Something else we should pay attention to is the chronology of this book. This book is a first edition, printed in 1557. According to the scholarly source used, Harold J. Cook’s paper, a book about medical knowledge written by an educated author from this period should be about humoral theory, but physicians were starting to study anatomy by dissecting human bodies. However, there were also itinerant practitioners and apothecaries selling remedies, as well as much folk healing. Since this book was written by city officials and city councils (middle ranked to elite people), we would expect it to contain a mix of humoral theory treatments, balms and drugs, and some peasant beliefs. Unfortunately, since this is a book about laws, it does not contain much information about medical knowledge, but what it tells us about the composition of a hospital’s staff does coincide with our prior knowledge of that period: university-educated physicians had very little contact with actual patients.
In conclusion, The Order of the Hospitalls can tell us about the way hospitals were run in 16th-century England, from which we can deduce information about the way sicknesses were treated. These deductions are in turn linked to what other scholarly sources have to say. Our research has significance in that it demonstrates how we can draw links between two seemingly unrelated aspects (governance and medical knowledge), to create a portrait the knowledge of that time and how it reflected on social practices. Therefore, historical knowledge is produced by matching various sources.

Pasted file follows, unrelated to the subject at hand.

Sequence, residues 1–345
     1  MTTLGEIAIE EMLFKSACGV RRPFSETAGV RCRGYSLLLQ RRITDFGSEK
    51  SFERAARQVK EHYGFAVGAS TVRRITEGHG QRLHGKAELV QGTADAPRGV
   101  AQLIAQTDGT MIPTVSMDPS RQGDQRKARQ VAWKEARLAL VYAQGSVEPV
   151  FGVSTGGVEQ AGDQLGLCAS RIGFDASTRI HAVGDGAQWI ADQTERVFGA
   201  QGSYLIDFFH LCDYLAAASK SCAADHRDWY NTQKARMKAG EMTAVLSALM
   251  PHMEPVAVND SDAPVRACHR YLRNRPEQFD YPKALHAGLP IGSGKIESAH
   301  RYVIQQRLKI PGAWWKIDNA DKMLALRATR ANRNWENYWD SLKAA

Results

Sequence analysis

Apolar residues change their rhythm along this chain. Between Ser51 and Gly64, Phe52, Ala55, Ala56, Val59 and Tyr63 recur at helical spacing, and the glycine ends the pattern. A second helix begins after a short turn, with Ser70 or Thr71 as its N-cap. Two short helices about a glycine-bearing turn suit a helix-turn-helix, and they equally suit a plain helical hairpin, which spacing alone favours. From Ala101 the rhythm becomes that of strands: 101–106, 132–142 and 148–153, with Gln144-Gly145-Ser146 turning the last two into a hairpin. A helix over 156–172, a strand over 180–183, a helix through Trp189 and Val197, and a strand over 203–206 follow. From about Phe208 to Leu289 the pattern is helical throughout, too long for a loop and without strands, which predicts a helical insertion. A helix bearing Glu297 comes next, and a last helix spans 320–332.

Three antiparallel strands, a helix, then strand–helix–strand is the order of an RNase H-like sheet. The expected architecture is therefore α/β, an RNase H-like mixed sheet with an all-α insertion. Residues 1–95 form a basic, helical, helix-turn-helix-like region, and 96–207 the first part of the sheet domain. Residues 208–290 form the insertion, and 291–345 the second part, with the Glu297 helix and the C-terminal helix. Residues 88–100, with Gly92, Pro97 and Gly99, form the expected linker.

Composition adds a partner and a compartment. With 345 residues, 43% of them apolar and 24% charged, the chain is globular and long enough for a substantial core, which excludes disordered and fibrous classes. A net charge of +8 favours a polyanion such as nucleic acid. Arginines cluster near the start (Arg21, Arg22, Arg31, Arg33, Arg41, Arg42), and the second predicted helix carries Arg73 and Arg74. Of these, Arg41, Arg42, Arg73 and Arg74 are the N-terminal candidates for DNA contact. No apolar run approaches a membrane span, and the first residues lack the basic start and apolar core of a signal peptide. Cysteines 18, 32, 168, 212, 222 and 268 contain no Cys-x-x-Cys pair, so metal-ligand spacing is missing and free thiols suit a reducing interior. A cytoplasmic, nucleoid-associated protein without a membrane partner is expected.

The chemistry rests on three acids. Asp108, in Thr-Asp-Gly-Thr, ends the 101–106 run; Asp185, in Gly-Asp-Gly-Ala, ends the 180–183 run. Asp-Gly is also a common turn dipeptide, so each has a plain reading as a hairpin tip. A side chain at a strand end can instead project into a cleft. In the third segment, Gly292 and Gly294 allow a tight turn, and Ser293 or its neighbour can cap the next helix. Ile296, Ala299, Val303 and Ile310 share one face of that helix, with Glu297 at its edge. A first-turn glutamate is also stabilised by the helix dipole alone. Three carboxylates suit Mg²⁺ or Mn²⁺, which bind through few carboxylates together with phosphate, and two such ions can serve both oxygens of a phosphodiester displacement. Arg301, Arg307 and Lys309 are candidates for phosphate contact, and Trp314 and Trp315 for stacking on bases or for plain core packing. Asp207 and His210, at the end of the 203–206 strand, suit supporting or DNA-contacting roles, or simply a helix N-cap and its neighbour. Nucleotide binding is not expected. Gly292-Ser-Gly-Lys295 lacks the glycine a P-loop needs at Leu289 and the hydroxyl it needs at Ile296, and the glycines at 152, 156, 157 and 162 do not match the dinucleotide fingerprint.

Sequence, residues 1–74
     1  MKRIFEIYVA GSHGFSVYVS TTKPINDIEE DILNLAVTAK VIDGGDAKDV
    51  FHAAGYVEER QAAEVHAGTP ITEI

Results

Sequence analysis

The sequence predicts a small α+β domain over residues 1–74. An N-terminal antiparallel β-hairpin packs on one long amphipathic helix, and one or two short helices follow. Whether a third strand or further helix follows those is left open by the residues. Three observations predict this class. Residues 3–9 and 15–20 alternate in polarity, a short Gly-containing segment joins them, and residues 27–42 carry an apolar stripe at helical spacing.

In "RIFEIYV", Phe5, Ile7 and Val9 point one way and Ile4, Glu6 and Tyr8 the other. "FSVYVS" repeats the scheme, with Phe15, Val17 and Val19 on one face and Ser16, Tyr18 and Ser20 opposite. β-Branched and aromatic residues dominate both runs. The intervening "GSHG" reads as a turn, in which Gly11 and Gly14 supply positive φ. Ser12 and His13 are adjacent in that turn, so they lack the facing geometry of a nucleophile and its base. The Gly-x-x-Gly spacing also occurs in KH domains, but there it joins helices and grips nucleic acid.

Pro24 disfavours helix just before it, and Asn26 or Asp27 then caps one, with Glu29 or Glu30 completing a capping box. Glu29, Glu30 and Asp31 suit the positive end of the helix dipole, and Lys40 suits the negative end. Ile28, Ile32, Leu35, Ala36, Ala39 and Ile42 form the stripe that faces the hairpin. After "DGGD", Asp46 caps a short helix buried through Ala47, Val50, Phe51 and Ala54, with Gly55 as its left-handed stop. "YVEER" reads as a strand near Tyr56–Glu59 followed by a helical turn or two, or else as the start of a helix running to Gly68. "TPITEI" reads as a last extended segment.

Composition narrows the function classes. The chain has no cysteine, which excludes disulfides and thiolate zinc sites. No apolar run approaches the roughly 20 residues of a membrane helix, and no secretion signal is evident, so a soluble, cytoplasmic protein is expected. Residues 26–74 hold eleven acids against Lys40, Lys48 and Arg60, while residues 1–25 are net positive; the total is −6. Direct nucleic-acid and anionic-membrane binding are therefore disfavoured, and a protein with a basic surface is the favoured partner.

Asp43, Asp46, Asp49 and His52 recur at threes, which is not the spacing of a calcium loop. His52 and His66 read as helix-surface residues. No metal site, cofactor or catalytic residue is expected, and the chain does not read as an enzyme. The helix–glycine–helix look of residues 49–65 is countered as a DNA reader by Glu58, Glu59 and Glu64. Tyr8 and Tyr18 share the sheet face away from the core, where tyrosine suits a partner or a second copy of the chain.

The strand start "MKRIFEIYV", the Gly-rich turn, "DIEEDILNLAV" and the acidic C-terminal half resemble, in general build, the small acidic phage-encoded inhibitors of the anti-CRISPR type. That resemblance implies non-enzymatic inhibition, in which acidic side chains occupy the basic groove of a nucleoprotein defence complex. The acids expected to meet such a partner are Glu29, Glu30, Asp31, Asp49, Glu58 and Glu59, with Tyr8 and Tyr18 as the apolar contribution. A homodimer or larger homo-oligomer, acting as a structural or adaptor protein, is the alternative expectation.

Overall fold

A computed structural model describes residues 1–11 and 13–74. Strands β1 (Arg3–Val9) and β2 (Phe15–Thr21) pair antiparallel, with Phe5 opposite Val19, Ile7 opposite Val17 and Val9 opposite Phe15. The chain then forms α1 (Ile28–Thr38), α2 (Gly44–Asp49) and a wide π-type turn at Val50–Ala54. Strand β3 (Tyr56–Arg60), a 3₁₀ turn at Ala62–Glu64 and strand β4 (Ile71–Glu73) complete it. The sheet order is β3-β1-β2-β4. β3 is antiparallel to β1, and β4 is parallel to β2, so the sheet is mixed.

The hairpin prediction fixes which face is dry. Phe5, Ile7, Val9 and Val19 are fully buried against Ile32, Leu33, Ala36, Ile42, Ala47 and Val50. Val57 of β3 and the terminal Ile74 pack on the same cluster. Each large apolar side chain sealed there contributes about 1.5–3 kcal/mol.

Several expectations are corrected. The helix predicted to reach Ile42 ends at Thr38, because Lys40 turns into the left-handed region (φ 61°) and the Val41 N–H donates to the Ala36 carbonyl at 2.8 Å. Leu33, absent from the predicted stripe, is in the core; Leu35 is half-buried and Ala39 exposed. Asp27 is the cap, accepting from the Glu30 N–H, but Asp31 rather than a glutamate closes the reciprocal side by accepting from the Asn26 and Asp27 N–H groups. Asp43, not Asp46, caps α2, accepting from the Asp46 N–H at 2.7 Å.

Noorthouck, John. Addenda: The Order of the Hospitalls of [Henry VIII and Edward VI, 1557]. A New History of London Including Westminster and Southwark (London, 1773), pp. 874-886. British History Online, www.british-history.ac.uk/no-series/new-history-london/pp874-886. Accessed 26 October 2017.
Cook, Harold J. “Medicine,” in Katherine Park and Lorraine Daston (eds.) The Cambridge History of Science. Cambridge University Press, 2003, pp. 407-434